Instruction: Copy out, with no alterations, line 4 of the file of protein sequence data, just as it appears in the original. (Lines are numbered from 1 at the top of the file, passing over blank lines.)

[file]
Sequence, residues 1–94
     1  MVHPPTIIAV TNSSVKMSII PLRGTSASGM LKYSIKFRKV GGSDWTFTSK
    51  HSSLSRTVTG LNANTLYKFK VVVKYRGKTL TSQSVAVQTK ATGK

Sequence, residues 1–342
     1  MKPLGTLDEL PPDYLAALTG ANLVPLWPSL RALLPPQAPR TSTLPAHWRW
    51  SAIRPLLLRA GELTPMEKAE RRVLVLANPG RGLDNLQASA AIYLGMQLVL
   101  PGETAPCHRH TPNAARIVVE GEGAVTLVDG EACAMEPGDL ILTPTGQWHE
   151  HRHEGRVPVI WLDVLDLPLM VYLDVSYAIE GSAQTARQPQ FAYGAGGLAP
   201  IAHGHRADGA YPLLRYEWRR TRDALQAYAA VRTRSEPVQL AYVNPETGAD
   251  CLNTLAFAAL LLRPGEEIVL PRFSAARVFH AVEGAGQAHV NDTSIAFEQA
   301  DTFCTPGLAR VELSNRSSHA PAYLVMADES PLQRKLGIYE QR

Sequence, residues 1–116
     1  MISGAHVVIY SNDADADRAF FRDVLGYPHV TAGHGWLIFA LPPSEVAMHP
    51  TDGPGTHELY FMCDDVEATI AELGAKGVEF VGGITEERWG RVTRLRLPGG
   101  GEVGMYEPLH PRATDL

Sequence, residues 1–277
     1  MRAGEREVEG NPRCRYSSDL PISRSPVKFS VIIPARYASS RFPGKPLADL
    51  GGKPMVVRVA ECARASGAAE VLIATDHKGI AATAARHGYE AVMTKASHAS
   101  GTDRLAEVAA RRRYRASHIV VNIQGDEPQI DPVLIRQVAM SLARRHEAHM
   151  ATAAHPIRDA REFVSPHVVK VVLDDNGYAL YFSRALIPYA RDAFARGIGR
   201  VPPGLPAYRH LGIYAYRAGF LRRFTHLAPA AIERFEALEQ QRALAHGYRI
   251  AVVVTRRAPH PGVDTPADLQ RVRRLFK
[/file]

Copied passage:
Sequence, residues 1–342